And there's a quote from one of the inspirational mayors in the world, a former mayor of Bogota, Enrique Peñalosa. He said, "A developed country is not a place where the poor have cars, it's where the rich use public transportation." And I think this is particularly salient in our discussion here around transit deserts, because these deserts exist all over the country. One analysis from the University of Texas, the Urban Information Lab, they took a look at 52 cities in the US and found 4.5 million people living in areas with no adequate alternative to cars. 4.5 million in transit deserts just in those cities.

Andrei Greenawalt: Wow. And I think some of those areas, they're located really close to transit paradises or I mean, I guess as close as we get to a transit paradise in the United States.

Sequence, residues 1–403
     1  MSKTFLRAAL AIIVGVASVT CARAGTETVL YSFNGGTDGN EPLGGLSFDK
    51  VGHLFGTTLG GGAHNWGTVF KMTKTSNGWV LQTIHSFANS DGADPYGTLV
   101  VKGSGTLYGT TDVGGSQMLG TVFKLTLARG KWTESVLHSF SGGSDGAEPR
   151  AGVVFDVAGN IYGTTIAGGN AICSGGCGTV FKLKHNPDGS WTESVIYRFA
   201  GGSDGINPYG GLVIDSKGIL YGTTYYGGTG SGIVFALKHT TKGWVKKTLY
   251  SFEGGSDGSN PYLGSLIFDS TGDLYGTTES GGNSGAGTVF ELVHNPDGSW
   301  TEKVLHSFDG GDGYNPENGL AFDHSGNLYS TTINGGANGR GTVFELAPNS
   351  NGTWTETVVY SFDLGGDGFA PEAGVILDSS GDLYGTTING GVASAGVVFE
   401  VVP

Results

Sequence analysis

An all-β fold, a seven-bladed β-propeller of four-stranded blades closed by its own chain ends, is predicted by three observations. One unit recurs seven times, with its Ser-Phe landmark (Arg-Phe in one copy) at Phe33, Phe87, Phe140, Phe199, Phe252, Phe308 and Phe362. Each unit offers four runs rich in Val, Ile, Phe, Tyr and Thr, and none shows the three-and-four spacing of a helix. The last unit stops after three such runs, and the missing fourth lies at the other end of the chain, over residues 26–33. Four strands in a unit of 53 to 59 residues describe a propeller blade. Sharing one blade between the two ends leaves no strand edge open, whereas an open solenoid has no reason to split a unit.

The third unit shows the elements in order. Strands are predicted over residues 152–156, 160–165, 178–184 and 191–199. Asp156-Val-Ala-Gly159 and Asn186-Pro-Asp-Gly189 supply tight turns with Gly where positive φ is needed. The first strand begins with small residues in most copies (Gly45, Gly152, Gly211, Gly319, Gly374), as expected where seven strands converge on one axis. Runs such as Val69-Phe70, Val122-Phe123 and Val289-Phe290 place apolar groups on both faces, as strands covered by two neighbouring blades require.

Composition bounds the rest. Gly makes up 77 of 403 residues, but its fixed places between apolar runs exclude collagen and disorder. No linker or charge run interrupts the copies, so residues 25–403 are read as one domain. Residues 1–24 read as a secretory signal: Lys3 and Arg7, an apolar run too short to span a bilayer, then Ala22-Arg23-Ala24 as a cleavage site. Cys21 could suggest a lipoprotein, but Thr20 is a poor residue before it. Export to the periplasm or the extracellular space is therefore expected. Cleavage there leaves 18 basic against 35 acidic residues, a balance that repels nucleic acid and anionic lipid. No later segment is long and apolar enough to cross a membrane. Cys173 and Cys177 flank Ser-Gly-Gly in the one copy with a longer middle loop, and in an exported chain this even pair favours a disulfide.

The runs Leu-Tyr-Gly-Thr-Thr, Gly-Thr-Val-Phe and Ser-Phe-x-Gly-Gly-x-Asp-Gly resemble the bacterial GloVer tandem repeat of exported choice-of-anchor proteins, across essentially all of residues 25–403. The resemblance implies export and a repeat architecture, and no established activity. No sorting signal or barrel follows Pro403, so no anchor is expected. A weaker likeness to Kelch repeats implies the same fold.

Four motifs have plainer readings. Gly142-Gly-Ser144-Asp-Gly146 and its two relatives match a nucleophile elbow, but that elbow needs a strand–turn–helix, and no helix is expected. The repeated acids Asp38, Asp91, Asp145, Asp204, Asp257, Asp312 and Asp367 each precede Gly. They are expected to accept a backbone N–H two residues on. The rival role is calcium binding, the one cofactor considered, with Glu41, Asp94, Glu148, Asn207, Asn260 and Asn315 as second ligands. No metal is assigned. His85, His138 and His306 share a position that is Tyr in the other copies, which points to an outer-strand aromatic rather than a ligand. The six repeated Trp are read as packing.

Iraya Corley: I live in a part of Jersey City that's pretty transportation... it's a transportation desert. Although it's at a very kind of central part of Jersey City, the bus lines are not close to my particular block.

Andrei Greenawalt: This is Iraya Corley. She lives just across the water from New York City, where I grew up and also the transit paradise I was referencing a second ago. She grew up in the Bronx and in Brooklyn, and she's been riding the bus alone since she was 10 years old.

Iraya Corley: I loved that with public transportation, I didn't have to rely on anyone. I was really able to just get around when I wanted to. I didn't have to figure out parking or figure any of those other details out.